Rosen (2011) conducted 1,000 teen surveys and observation of 300 teens actively

studying for 15 minutes. Some positive and negative impacts were obtained.
The negative impacts

- Teens who use Facebook frequently may become narcissistic, which means inordinate

fascination with oneself and excessive self-love.

- Teens who have a strong Facebook presence may display psychological disorders, such as anti-

social behaviors, mania and aggressive tendencies.

- Teens who overdose on technology daily, and this includes video games too, have higher

absenteeism from school and are more likely to get stomach aches, have sleep issues, and feel

more anxious and depressed.

- Middle and high school students, as well as college students, who checked their Facebook once

during the 15-minute study time, had lower test grades.

The positive impacts

- Use of Facebook allows children to develop their self-identity. Choosing a profile photo, listing

likes and dislikes, all force the youth to become more self-aware.

- Facebook and other social networking sites give shy children a way to socialize

- Encouraging comments online can put a smile on someone's face and improve moods.

National Sleep Foundation (2011) published a poll which found that 43% of Americans

between the ages of 13 and 64 say they rarely or never get a good night's sleep on weeknights.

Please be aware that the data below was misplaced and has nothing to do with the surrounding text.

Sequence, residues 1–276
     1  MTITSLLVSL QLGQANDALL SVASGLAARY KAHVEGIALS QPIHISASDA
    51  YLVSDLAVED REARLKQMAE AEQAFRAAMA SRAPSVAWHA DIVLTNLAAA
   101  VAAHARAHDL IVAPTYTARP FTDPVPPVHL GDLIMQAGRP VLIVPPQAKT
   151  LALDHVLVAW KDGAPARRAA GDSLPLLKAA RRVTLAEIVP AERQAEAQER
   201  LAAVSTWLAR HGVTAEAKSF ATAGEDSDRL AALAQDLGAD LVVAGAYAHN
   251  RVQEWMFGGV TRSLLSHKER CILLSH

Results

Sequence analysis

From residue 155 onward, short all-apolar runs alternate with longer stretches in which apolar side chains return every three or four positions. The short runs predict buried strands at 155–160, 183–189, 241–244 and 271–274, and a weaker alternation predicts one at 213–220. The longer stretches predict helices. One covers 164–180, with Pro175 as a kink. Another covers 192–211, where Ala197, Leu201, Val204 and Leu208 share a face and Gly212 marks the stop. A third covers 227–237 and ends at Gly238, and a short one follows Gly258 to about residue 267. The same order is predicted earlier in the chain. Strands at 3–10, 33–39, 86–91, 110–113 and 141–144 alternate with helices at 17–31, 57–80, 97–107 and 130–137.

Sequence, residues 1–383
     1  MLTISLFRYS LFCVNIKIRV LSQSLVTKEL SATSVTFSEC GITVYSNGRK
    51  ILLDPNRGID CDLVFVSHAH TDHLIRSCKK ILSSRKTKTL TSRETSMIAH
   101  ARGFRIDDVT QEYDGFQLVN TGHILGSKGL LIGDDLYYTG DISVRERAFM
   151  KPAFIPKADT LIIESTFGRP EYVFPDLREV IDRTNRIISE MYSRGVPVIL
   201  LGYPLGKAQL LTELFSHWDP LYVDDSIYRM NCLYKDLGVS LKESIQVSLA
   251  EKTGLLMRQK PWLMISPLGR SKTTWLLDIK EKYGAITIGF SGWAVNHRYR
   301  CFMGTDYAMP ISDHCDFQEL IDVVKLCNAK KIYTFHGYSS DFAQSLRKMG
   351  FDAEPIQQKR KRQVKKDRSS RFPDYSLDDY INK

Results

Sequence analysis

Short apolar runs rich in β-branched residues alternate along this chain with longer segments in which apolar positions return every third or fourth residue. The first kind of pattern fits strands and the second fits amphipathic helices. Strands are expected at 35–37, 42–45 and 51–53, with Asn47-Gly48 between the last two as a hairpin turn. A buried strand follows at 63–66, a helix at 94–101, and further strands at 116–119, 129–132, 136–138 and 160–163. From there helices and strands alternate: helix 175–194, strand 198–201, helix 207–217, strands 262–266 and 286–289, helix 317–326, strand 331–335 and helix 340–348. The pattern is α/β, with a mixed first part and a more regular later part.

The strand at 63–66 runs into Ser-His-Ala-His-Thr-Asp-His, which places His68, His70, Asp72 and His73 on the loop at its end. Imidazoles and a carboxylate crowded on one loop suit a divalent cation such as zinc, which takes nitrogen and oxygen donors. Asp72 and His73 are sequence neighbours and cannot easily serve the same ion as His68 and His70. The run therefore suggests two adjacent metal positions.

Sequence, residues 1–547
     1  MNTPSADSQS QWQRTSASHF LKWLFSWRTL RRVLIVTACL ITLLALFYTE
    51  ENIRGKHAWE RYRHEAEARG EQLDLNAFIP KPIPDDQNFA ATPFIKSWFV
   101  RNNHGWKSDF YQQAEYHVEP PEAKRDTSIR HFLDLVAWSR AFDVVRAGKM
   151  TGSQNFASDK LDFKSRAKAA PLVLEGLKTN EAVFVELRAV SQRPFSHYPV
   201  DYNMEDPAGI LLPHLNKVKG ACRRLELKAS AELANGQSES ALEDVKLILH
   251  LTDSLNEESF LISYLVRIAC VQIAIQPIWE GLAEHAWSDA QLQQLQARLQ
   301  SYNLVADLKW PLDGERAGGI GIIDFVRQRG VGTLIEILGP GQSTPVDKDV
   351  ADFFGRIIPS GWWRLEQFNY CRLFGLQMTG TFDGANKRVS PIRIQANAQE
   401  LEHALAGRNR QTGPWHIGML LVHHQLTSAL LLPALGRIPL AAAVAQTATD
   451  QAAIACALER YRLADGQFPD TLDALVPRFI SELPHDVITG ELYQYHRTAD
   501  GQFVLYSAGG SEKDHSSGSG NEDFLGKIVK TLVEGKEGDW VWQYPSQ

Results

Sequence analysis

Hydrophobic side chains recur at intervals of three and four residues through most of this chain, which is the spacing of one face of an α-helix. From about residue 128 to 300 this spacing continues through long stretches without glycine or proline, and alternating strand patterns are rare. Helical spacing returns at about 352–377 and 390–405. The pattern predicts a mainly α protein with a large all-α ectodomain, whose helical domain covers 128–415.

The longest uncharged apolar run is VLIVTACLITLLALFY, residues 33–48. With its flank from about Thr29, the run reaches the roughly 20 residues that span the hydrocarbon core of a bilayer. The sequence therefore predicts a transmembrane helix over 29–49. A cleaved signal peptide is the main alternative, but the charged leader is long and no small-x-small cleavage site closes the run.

Almost everyone surveyed, 95%, uses some type of electronics like a television, PC, video game

or cell phone within the hour before bed. The study discussed that the invasion of such alerting

technologies into the bedroom may contribute to the high proportion of respondents who

reported that they routinely get less sleep than they need.
Chapter III

Methodology

Purpose

This chapter will present the research design, setting, participants, measure, and

procedures of the study.

Research Design

This study will use descriptive research method that will utilize quantitative technique to

assess the effects of gadgets on academic performance of students at Mati Doctors College. The

data will be collected using one shot survey method.

Research Locale

Mati Doctors Academy

Population and Sample

The target population of the study will be the students of Mati Doctors Academy. The

sample size will be determined using Sloven’s formula. The samples will be selected using

random sampling method.

Procedure of the study

The researchers will distribute survey questioners to the target respondents that will be

selected randomly. A consent letter will be first given and will be signed by the respondents prior

answering the questioners. The respondents will have the right to refuse to the study if they will

wish to. The information and Identity of the respondents will be held at most confidentiality.
Data Analysis Plan

The gathered data will be tallied and analyzed quantitatively.